Life or death decisions

We are often told that there is nothing more valuable than a human life. From assisting disaster victims halfway around the world to punishing homicide with life in prison or the death sentence, the value of human life in the United States is constantly regarded as infinite, irreplaceable and priceless.

But as people grow older and suffer from disease and illnesses, requiring extensive, expensive and long-term medical and personal care, does a decreased quality of life outweigh the increased longevity of it?

Katy Butler, author and journalist most known for her article “What broke my father’s heart” that was published in the New York Times in 2010, spoke at Sonoma State last week. In her compelling and internationally popular story, which she further describes in her new book “Knocking on Heaven’s Door: The Path to a Better Way of Death,” she tells of the pain her mother went through after her father fell victim to dementia. His first stroke sparked his seven-year-long caregiving, as well as Butler’s mother’s transition from a leisurely housewife to a house-nurse working 80 hours a week.

The decision to prolong Butler’s father’s life with a doctor-recommended and insisted pacemaker was first considered a relief of his and his caregivers’ pain. But after his health, stamina, mentality and personality continued to diminish over the next few years, Butler began to re-evaluate the value and necessity that United States healthcare places on prolonging a human life.

“My father’s electronically managed heart – now requiring frequent monitoring, paid by Medicare – became part of the $24 billion worldwide cardiac-device industry and an indirect subsidizer of the fiscal health of American hospitals,” wrote Butler, adding to the disgruntling fact that multiple millions of dollars a year are spent on lobbying by medical companies and facilities.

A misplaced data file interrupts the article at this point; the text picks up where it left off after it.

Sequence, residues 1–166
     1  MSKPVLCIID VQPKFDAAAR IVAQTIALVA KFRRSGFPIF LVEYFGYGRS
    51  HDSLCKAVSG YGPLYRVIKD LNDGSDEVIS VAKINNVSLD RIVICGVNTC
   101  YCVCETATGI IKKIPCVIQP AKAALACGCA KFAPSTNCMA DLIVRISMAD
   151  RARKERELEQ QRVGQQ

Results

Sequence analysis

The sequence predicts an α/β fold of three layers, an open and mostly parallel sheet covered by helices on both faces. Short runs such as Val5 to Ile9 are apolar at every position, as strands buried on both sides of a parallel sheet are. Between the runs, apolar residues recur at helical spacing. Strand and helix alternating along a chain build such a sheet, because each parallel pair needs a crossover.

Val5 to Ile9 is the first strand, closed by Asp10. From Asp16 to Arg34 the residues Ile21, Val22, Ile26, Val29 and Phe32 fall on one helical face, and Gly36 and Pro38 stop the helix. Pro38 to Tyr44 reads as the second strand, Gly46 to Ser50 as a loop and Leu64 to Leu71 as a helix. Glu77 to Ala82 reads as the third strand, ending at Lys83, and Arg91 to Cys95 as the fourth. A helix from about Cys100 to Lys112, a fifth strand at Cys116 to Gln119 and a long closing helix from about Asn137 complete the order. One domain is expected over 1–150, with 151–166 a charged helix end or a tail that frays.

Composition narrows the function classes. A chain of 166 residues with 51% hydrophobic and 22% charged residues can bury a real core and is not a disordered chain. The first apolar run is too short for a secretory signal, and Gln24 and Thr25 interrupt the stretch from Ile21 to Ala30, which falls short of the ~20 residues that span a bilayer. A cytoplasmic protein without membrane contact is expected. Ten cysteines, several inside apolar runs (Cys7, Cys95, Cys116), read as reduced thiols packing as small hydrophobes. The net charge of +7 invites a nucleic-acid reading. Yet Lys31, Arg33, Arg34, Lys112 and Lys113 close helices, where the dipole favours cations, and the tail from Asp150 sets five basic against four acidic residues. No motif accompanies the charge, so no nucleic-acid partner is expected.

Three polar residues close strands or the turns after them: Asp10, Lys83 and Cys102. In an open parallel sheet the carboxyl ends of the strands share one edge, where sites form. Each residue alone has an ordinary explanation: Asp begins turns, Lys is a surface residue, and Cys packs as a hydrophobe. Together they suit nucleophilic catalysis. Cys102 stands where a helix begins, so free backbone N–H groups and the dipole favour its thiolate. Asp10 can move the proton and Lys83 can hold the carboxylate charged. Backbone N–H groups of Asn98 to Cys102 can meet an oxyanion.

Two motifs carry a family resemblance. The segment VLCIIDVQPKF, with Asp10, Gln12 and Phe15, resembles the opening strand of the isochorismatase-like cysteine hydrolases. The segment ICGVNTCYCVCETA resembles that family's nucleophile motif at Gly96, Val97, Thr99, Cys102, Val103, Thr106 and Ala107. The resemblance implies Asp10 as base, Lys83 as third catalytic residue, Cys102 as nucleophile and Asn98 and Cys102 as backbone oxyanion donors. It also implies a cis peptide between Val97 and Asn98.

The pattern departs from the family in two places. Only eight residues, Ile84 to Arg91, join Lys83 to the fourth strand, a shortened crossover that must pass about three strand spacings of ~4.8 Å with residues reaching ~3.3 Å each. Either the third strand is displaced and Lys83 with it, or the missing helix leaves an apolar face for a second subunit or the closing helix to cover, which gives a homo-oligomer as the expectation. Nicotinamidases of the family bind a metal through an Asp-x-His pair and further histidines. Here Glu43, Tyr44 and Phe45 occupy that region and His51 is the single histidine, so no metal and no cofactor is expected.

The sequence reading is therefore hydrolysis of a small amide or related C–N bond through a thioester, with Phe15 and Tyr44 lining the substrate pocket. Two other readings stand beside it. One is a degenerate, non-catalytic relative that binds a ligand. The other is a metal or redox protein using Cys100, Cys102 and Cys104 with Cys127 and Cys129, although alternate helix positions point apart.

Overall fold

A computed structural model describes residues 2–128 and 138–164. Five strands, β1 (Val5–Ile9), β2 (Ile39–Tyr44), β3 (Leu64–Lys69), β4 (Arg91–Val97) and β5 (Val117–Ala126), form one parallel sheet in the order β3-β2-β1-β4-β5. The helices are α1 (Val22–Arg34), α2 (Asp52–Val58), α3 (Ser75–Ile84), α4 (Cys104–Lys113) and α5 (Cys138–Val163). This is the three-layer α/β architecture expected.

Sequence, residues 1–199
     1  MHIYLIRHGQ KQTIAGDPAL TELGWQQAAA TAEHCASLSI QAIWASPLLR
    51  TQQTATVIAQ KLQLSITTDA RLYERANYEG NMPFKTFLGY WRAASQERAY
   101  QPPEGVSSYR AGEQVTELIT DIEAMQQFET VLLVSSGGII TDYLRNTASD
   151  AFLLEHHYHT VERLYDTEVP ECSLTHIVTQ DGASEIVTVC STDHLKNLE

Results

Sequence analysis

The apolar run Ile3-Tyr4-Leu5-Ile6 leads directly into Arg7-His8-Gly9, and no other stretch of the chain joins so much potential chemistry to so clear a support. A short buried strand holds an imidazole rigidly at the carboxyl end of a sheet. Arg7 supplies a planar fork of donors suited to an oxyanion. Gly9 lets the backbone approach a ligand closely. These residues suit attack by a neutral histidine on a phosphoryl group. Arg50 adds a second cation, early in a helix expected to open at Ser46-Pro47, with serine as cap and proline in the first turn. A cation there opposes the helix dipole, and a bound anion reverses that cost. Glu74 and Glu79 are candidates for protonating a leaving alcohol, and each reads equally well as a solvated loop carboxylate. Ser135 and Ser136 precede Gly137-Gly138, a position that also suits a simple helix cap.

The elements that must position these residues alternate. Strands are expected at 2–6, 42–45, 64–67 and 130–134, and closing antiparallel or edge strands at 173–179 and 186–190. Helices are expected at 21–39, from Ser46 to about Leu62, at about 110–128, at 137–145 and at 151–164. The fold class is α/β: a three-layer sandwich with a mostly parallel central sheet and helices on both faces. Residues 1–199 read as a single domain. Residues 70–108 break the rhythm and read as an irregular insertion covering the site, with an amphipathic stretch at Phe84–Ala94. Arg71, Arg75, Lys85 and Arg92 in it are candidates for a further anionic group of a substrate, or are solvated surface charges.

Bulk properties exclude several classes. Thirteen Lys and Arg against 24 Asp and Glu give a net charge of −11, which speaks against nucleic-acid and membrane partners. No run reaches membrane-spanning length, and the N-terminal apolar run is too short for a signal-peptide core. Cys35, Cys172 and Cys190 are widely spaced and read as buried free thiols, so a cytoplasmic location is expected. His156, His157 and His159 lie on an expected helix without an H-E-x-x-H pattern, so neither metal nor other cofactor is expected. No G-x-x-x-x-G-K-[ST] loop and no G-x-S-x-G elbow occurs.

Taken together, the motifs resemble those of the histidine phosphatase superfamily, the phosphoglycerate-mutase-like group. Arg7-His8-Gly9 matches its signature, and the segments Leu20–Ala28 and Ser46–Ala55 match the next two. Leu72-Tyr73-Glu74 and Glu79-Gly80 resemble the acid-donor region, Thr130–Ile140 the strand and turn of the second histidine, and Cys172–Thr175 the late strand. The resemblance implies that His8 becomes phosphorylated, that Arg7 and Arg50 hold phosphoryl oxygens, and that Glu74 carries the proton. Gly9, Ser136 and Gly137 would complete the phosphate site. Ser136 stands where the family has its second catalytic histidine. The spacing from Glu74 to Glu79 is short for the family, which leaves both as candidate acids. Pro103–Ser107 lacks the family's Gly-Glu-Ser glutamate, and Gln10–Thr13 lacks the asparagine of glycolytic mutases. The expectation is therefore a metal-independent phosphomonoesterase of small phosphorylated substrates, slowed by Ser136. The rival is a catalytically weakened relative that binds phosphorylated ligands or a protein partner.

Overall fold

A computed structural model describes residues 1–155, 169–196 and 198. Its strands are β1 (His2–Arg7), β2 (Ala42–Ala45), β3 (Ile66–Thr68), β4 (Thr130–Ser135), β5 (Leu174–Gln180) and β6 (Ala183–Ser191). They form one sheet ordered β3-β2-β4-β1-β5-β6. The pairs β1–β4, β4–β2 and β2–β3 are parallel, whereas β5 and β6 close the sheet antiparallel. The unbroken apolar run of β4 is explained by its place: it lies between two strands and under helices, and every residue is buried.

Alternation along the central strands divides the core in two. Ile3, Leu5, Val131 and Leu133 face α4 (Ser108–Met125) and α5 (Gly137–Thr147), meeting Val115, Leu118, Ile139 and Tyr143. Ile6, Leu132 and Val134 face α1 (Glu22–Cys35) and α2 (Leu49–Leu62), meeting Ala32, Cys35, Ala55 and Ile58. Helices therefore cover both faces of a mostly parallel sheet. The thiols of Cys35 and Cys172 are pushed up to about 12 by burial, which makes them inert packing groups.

According to the Center for Responsive Politics, Blue Cross/Blue Shield Association, which provides health care to more than 80 million people, is the third largest lobbyer in the U.S. this year so far, having spent over $17 million. American Hospital Association comes in fourth at $14 million. The Pharmaceutical Research & Manufacturers of America and the American Medical Association are closely matched at over $13.5 million.

It would be unfair to generalize these lobbying payments – believe it or not, sometimes good can come out of lobbying. But it’s eye opening to look at the numbers and wonder: if healthcare – not health insurance, just pure care for humans’ health – is so expensive to maintain, where are these multi-millions of dollars coming from? Whose extended, technology-dominated life are these health companies profiting off of?

Historically, doctors and physicians have taken the Hippocratic oath to promise integrity in their medicinal practice. The oath states, “I will remember that there is art to medicine as well as science, and that warmth, sympathy, and understanding may outweigh the surgeon’s knife or the chemist’s drug . . . If it is given me to save a life, all thanks. But it may also be within my power to take life.”

However, doctors are paid much more to perform surgery on patients than to sit down  and discuss options with them. Of course we would like to hope that the vast majority of doctors are driven by a true effort to care for fellow human beings.

But as technology advances, the average lifespan increases and families are less willing to let go, what are doctors more motivated by: ending a loved one’s suffering, or sparing no expense to save them?

Hopefully we are all very far from the point where someone will have to make that decision for us, and we’re hoping just as much that our parents and grandparents are, too. But the truth is that no one lives forever, life can be unexpected and that anything can happen – especially death.

Is our society unable to cope with death? Is our lives’ longevity just another illusion created by consumerism?

As much as we want our loved ones to be around for just as long as we are, sometimes prolonging their lives due to advances in medicine can be the ultimate downfall as they are subjected to chronic pain. Oftentimes, as seen in Butler’s case, witnessing and helping with that pain can cause family members and caregivers to endure just as much of their own.

Letting go of a loved one is quite possibly the hardest thing many of us have gone through. It hasn’t ever been easy and it never will be. If given the choice between medically induced survival and a peaceful, natural end to life, what would you choose?

Find Katy Butler’s  article for the  New York Times at: